The Manyema were insubordinate to Barttelot in the first instance, leaving him to divide the rear column into two groups, leaving Jameson to bring up the rear with the second. On July 19, 1888, Barttelot was shot dead at Unaria. According to fellow officer John Rose Troup, Barttelot had ‘an intense hatred of anything in the shape of a black man.’ It transpired that the man who had killed Barttelot was named Sanga, and had done so in response to Barttelot’s threat (using a revolver) towards his wife. Barttelot wanted to stop the practice of singing and drumming early in the morning and in the evening. For his refusal of tolerance toward the Manyema porters, the Major paid the ultimate price, as other officers had likened him to ‘a fiend’ towards the Manyema, in correspondence to Stanley.

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Jameson had no option but to rush forward onto Stanley Falls, where he was present at the trial and execution of Sanga, Barttelot’s killer. Only Tippu-Tib seemed able to control the unruly natives, and Jameson, therefore, obtained a promise for him to accompany the expedition. Before continuing onwards, Jameson had to obtain permission from the Emin committee in England, as the wealthy heir had offered to pay £20,000 of his own money that the expedition not be abandoned!

On his travels back to Bangala to make communication with home, a chill contracted by Jameson turned into hæmaturic fever by August 10. By the 17th, Jameson was dead, buried on the 18th on an island opposite the village. Jameson’s menagerie of expedition birds and insects were returned to his widow by 1890, with some particular specimens donated to the Natural History Museum in Kensington.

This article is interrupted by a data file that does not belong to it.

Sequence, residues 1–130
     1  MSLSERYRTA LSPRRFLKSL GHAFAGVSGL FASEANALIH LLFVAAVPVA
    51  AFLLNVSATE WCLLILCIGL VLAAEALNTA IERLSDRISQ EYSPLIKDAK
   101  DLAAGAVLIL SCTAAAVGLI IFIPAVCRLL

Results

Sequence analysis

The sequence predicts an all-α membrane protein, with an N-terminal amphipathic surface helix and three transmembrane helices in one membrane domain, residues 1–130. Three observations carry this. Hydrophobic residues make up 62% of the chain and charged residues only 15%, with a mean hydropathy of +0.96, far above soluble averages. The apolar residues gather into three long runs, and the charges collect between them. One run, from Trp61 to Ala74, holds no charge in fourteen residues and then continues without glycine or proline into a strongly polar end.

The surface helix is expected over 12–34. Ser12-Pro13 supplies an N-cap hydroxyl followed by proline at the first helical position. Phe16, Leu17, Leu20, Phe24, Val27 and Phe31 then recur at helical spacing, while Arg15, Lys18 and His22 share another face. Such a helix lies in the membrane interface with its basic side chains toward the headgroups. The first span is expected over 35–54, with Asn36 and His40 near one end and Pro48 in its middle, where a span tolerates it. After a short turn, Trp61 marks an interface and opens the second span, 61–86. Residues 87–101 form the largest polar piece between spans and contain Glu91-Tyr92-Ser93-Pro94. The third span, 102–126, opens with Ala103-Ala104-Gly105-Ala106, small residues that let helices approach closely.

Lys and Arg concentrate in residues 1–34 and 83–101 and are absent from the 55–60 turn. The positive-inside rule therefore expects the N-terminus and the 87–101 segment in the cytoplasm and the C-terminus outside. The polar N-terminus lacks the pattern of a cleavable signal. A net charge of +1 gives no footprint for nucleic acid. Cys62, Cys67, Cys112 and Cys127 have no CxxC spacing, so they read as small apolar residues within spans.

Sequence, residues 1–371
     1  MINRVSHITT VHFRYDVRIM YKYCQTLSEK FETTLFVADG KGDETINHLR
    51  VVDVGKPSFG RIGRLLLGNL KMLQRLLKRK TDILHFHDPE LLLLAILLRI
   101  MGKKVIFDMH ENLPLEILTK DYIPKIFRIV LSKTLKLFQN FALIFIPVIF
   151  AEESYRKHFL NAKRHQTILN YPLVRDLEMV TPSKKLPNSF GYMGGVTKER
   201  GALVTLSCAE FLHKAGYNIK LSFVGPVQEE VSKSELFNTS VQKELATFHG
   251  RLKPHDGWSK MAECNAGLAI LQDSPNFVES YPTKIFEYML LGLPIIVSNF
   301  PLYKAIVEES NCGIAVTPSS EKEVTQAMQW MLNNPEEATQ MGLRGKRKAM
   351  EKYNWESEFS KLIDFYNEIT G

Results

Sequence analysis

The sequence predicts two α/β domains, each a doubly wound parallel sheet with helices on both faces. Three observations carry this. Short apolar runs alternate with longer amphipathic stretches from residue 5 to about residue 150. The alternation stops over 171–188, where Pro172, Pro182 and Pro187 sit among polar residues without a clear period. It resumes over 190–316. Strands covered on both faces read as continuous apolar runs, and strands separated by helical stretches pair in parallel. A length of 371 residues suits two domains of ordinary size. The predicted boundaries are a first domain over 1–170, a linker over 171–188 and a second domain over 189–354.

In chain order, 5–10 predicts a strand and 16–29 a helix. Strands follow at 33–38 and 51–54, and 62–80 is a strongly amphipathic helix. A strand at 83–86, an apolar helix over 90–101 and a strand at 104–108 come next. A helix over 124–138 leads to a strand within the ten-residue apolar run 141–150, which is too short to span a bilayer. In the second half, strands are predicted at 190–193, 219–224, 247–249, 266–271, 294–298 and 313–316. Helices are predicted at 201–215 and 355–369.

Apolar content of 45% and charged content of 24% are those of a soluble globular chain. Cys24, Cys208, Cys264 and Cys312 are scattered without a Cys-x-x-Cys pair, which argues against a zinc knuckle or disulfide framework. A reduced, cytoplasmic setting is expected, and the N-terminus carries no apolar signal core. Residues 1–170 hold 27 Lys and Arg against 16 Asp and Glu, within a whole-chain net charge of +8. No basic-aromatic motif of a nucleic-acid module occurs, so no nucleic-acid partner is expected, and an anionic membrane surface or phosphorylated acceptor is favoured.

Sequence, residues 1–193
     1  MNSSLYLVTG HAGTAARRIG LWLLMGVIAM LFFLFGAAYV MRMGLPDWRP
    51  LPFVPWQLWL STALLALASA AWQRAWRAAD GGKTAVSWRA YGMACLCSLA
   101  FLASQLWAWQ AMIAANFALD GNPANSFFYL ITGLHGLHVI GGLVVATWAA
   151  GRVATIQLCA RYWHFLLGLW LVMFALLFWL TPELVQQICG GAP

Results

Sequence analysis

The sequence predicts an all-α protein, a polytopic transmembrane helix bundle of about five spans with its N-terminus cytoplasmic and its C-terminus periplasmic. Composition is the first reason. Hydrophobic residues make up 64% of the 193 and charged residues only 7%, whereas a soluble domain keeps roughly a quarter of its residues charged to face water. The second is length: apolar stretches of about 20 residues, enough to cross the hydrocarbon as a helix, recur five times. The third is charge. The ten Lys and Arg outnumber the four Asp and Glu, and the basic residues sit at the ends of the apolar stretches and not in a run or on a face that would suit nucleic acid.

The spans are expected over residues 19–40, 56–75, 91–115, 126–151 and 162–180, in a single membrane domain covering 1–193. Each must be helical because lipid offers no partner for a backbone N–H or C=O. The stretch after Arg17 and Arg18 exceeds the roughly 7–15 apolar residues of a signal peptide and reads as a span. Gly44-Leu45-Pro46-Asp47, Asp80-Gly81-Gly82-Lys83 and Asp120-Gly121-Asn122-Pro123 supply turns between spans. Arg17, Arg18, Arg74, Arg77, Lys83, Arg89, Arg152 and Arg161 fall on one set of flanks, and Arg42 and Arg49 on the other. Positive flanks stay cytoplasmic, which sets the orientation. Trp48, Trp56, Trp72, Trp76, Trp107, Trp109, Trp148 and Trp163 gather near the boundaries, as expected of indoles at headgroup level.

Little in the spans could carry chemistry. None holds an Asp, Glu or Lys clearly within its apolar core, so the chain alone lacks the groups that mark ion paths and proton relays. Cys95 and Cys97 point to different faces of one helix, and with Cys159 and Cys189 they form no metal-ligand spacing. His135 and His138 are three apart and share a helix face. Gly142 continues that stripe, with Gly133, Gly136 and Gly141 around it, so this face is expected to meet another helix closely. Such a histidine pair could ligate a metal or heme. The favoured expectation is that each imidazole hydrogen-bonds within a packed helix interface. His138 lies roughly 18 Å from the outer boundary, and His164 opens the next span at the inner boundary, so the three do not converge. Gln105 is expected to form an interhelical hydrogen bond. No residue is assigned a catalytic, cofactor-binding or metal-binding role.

No relief for Henry Morton Stanley.

This image appeared in Funny Folks magazine in December 1899. The image is of the Emin Pasha Relief Expedition (1886 -1889); the figure at the front is Henry Stanley and the figure at the back is Emin Pasha. (Image: British Library)
This image appeared in Funny Folks magazine in December 1899. The image is of the Emin Pasha Relief Expedition (1886 -1889); the figure at the front is Henry Stanley and the figure at the back is Emin Pasha. (Image: British Library)

Morton Stanley was initially hailed as a hero on his return from the expedition, despite having presided over one of the worst organized expeditions in the Victorian Age. Despite Stanley’s bestselling new book, over time, the truth came out. Stanley was lampooned in repeated articles from The Times of London, and other newspapers, detailing the chaos that consumed the rear column.

The great man, the explorer who found David Livingstone, was embarrassed by the families of Barttelot and Jameson in particular – Samuel Baker describing the story as “the most horrible and indecent exposure that I have ever heard of seen in print.” Yet despite this, the world reeled at the actions of Jameson – contributing to the expedition being the last of its type, the explorers tainting their profession’s good name.

The next time a bottle of Jameson’s famous whiskey comes to your lips, remember the name of James S. Jameson, the sheep who, in the heat of Africa, strayed from his herd.